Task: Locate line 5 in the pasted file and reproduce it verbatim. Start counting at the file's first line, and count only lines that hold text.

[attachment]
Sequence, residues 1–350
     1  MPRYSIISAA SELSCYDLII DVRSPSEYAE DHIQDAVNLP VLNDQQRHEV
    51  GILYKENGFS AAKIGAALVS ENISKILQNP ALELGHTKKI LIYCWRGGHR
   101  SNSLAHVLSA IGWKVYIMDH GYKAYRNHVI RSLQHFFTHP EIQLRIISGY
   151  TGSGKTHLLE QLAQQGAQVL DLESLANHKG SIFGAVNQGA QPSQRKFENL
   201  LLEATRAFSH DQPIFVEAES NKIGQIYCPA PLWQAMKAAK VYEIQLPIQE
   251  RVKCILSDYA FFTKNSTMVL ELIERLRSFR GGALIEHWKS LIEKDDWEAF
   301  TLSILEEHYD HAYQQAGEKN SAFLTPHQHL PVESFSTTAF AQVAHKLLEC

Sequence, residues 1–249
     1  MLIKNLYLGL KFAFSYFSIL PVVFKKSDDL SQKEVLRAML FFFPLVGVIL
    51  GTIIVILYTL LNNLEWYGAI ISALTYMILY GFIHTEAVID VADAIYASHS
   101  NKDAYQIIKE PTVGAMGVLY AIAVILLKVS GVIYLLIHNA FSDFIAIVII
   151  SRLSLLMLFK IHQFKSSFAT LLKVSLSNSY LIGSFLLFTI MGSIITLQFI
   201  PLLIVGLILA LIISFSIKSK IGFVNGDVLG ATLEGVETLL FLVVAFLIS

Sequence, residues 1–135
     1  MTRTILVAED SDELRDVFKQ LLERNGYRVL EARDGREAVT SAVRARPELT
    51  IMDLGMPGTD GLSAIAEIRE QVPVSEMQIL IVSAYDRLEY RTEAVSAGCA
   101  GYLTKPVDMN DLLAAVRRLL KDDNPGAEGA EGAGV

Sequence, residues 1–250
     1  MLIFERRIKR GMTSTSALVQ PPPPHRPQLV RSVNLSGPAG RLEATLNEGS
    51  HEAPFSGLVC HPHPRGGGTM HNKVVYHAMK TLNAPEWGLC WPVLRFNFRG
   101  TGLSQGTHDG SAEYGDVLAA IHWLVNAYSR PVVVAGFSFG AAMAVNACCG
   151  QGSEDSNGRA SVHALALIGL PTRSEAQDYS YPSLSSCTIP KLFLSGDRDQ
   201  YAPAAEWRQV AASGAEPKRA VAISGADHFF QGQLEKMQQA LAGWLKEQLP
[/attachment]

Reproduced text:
   151  TGSGKTHLLE QLAQQGAQVL DLESLANHKG SIFGAVNQGA QPSQRKFENL